The Nobel Prize has been a source of inspiration for peace in the wake of unstable future for the fragile peace deal between the government and the Revolutionary Armed Forces of Colombia, known as FARC.
President Santos is the 15th head of state bestowed with the Nobel Prize while in power and the 2nd Colombian Nobel Laureate.
He championed 376 candidates, including 228 individuals and 148 groups to become the Nobel Prize for Peace’s winner.
The 65 year old President originated from a wealthy influential family and was the former Minister of Foreign Trade and Defense before elected as the President in 2010.
Before the historical peace deal was signed on August 26, Mr Santos’ government and the FARC forces went through 4 years of negotiations.
The Nobel Prize was in recognition of the Colombian people’s aspiration for peace and aimed to inspire their dream for peace, reconciliation and justice.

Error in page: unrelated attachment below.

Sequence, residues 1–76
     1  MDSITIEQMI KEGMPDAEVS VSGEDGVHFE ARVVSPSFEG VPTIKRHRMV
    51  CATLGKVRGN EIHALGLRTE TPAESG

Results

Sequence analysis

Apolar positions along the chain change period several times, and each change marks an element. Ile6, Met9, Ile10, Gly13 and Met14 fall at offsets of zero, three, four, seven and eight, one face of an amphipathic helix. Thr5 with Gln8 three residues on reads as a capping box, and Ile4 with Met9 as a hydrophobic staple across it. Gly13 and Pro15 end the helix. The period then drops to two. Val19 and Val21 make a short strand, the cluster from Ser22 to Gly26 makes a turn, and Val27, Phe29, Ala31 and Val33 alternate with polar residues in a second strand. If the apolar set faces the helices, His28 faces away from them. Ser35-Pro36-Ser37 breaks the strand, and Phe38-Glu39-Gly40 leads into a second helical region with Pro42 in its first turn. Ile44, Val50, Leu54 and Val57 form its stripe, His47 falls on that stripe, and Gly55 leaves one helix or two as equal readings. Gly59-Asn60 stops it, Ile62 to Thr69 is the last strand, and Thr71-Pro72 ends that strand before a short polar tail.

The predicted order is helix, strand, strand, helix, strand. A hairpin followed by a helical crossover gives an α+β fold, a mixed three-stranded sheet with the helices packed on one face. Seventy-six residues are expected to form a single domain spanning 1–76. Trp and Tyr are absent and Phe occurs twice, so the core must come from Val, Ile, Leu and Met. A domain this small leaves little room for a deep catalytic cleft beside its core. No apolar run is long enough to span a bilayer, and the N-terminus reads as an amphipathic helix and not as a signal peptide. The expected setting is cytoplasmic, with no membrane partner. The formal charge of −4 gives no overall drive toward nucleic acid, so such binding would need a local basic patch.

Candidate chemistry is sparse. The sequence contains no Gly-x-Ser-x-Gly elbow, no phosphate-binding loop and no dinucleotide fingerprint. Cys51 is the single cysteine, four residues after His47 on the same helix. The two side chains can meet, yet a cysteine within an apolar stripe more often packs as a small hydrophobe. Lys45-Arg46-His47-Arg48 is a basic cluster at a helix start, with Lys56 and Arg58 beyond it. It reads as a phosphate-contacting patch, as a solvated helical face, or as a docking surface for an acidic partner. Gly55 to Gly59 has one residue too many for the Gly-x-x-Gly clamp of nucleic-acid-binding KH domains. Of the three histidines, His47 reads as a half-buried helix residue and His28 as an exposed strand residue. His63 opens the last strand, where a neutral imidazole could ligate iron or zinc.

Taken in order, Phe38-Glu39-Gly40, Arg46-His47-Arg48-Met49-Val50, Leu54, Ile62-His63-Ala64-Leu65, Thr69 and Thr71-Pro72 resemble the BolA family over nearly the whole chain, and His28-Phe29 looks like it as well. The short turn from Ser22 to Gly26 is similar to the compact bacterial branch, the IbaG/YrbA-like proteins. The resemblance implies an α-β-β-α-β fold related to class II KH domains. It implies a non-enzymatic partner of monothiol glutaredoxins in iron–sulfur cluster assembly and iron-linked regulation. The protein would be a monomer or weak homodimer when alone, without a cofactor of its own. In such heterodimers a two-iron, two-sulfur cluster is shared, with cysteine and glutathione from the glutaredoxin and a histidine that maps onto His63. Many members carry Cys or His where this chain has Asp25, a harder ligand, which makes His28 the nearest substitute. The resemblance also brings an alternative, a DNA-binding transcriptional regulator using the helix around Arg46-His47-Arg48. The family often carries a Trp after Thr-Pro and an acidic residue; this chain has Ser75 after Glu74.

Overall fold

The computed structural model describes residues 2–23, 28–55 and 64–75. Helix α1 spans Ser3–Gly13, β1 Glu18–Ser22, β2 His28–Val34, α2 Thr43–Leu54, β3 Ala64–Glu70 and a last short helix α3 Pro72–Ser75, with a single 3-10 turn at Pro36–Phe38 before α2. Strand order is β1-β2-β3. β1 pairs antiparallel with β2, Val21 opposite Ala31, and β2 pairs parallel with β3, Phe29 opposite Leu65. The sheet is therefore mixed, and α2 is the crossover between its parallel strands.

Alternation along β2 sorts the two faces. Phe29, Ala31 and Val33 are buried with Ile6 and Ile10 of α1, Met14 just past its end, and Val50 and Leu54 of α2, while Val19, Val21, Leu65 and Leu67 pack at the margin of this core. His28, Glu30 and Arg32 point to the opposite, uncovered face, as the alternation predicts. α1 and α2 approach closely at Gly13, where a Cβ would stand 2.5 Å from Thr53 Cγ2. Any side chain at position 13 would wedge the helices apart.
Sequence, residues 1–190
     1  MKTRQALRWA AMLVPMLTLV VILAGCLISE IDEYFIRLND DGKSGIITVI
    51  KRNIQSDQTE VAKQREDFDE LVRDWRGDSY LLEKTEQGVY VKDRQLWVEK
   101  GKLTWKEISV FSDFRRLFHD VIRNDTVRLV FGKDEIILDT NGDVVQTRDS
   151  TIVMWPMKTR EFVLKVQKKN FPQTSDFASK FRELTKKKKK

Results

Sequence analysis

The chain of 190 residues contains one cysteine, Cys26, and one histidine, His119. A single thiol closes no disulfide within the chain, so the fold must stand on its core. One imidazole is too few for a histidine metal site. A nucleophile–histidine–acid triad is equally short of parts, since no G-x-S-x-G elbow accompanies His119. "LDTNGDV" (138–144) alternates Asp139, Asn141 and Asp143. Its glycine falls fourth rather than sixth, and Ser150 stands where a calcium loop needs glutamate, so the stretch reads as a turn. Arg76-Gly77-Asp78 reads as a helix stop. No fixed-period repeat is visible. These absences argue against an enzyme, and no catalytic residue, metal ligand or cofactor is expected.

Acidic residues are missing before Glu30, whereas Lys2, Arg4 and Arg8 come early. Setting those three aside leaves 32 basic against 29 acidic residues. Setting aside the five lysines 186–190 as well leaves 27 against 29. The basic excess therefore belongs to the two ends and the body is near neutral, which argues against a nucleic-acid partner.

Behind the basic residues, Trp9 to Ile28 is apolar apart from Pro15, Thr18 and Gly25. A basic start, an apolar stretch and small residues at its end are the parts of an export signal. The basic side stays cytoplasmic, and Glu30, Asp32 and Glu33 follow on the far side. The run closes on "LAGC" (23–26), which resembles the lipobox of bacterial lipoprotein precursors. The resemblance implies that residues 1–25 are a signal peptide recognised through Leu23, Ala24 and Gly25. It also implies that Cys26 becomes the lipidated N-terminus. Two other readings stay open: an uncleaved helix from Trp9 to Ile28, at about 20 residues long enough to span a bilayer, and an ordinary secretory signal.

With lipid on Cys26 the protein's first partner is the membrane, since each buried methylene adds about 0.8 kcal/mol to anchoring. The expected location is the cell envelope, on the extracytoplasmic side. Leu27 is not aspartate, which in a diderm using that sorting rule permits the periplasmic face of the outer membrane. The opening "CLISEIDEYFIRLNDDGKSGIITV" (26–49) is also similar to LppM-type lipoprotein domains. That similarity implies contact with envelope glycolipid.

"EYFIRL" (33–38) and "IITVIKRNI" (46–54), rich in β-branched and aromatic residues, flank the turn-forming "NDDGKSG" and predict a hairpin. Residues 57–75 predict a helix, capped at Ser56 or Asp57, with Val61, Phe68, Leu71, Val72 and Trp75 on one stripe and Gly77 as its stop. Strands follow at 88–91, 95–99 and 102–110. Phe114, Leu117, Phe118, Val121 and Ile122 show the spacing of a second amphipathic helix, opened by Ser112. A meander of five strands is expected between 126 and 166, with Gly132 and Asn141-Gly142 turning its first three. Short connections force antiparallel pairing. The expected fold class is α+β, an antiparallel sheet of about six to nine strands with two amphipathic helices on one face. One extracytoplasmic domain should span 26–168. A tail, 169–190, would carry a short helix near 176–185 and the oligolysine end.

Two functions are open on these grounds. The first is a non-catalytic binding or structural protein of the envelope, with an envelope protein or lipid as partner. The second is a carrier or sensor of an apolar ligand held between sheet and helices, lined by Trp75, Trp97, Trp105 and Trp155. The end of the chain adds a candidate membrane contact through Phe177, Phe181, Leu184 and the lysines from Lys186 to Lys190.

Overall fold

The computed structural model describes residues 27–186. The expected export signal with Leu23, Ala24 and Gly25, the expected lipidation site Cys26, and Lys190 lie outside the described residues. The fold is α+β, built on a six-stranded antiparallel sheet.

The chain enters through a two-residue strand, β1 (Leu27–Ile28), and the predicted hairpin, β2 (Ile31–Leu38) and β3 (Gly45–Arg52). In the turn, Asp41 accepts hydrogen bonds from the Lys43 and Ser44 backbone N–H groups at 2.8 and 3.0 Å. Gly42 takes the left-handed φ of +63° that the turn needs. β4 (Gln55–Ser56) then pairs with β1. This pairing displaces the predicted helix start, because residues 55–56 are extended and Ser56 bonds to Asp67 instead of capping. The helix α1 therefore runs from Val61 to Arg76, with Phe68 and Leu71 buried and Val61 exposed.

It consolidated hopes for peace, which in turns, help Colombia to tackle challenges including poverty, inequality and drug related crimes.
President Santos claimed his efforts were on behalf of all Colombian people and millions of victims during the 50 years of conflicts.
He also pledged his utmost to serve for peace until the end of his term of office.
Despite the positive news, the Nobel Peace Prize came without consensus among the Colombians as they narrowly rejected the peace deal in a referendum on October 2.
However, the prize still produces significant driving force for the peace process in Colombia.
A ceasefire between the government and FARC rebels due to end by the end of this month will require the government to set up a 3-member committee to resume peace talk with FARC group.
As a result, they are expected to clinch a final deal for everlasting peace in Colombia.